This is the second post of a multipart blog entry designed to share a few lessons learned during my 25 year professional career. Go to the first post entitled Landing a job with an industry leader to read the other entries.
Landing a job is like catching fish. Using the proper bait for your targeted fish species and for the environmental conditions is extremely important. Adapt that same line of thought for your job search. A large part of the process is about perspective. Are you offering the right information to potential recruiters and hiring managers based on their perspective? At a very basic level the trick is to:
- Fully understand the employment need of your target company
- Demonstrate that you are good match for that need
Of course there can be some complications around following these steps. As long as you are persistent, and willing to do some investigative work, you have a great chance of landing the job. Understand that many opportunities are not advertised. My current job wasn’t even open when I interviewed but I knew that the company had a need for someone with skills like mine. When I interviewed I showcased the skills that the hiring manager needed for a role on his team. Even though they didn’t have an open position for me they created one.
Getting the right bait
So how do you get the right bait? In order to entice someone to hire you you need to invest in yourself by developing the necessary skills. Read my previous post to learn about preparing to catch fish.
The perspective of the Fish
Folks that are serious about fishing start thinking like a fish. Apply this same logic to your job search; start thinking like a recruiter or hiring manager. Develop an online brand or profile that exhibits your skills. Industry leaders tend to have highly skilled recruiters that are able to locate high quality employees. How will they find you? What will they think if they do find you? For the most part, anything a recruiter or hiring manager sees about you online is lumped together to form their impression of you. This online first impression can have a major impact on the rest of the hiring process.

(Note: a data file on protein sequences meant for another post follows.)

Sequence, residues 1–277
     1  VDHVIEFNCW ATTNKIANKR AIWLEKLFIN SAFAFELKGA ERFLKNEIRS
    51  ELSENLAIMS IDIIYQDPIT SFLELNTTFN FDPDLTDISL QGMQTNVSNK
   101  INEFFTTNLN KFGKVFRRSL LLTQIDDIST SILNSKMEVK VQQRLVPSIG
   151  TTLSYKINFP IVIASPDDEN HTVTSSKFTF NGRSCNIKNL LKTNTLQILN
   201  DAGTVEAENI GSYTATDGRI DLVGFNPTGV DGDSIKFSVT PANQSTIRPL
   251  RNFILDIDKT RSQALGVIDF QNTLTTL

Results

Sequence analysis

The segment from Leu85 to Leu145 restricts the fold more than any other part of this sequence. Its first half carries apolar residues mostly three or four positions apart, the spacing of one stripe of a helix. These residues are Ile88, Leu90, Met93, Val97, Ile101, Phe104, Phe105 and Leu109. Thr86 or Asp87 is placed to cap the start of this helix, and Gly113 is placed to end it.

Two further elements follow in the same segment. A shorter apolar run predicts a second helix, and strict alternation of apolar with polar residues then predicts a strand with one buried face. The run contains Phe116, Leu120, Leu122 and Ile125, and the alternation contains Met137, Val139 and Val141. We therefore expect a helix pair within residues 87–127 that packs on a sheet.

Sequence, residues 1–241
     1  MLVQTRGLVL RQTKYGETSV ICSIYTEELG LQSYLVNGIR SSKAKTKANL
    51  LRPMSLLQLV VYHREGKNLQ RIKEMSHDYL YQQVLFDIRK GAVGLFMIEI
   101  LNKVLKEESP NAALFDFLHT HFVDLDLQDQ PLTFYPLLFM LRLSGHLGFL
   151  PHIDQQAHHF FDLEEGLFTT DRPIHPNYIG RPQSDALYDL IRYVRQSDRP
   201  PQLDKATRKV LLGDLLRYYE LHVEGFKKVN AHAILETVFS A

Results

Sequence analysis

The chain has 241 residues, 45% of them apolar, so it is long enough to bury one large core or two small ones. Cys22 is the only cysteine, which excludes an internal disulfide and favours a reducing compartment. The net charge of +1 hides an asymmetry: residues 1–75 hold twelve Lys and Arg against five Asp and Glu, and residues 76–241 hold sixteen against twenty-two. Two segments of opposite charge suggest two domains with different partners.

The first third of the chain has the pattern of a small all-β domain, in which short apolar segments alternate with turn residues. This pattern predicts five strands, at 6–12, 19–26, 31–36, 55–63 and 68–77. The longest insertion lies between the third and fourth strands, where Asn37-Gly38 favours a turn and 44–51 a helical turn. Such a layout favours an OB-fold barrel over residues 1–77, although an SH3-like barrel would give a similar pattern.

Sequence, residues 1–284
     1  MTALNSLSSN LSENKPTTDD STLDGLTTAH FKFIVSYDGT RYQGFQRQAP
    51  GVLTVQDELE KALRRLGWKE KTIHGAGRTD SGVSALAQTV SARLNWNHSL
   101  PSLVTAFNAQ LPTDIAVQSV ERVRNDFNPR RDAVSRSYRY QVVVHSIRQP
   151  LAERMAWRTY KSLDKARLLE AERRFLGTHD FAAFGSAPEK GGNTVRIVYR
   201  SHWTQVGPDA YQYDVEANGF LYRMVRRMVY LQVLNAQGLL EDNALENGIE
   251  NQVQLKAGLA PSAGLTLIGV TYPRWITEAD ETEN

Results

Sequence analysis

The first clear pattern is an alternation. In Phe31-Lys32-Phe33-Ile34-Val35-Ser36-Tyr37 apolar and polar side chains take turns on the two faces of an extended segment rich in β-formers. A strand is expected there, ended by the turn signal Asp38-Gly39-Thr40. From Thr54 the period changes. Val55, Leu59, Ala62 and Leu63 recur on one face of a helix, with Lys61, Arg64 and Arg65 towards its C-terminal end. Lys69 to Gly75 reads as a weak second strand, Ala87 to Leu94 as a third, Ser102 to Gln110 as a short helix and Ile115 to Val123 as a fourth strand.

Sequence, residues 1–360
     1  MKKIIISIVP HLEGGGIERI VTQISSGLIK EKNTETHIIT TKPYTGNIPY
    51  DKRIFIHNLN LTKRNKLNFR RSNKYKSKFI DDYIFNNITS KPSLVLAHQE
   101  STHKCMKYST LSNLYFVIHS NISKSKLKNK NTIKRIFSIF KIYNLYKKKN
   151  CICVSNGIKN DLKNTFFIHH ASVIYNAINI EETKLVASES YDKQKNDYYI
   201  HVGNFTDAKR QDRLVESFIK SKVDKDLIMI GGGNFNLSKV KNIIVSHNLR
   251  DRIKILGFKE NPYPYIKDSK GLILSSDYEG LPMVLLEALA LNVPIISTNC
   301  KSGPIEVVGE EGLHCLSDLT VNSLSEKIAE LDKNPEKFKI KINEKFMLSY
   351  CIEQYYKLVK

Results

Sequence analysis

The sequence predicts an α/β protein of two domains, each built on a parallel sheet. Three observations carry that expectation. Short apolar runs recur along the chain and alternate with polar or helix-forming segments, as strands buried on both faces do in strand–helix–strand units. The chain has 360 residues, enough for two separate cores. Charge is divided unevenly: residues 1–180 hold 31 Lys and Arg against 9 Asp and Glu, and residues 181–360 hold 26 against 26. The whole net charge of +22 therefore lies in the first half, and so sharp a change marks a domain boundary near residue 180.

Ideally, you want to be able to point to your online brand or profile from your resume and during your interview to showcase your skills. This is one very public way to show others that you are active, knowledgeable and supportive to others. Here are some ideas to help you get started:
- Create and maintain a completed LinkedIn profile and set it to public. Your profile should include all the aspects of your professional career that you would like perspective employers to know but at a general level. It should give them a flavor of you but leave them wanting to ask for more details. Careful not to exclude yourself by displaying a view of yourself that is too narrow. Many companies are relying heavily on LinkedIn as their main source of recruitment. Here’s my profile: www.linkedin.com/in/danadaugherty/.
- Place a link to your LinkedIn profile in your email signature and develop as many meaningful connections as possible.
- Be sure to participate in the groups. This is the way to make connections and it demonstrates your activity.
- Blog and syndicate your posts through LinkedIn updates. Also share relevant industry information, daily if possible.
- Join and contribute to online communities. Check out myITforum as a start. LinkedIn is a great way to connect with folks but it isn’t a substitute for a community.
- Always remain positive in your online interactions. Consider the perspective of your current and future employer in everything you do online.
- If you utilize social media properly, employment opportunities will find you.
Here are some tips about resumes and cover letters along similar lines:
- Customize your resume by target role. Consider the perspective of the recruiter or hiring manager and adjust accordingly.
- Refine your resume. Consider your resume as both a way to get your foot in the door and as talking points during your interview. The resume needs to strike a balance between showcasing the required skill for the role, while not getting too bogged down with details.
- Resumes need to be concise while somewhat general, allowing you to quickly show you have the skills and experience to be an asset.
- Always send a cover letter and a thank you note. Use a cover letter to demonstrate how your skills will fill the needs they have. Email is fine for both.
If you are looking for a job change feel free to drop me a line: firstname.lastname@example.org . I may have some leads to share.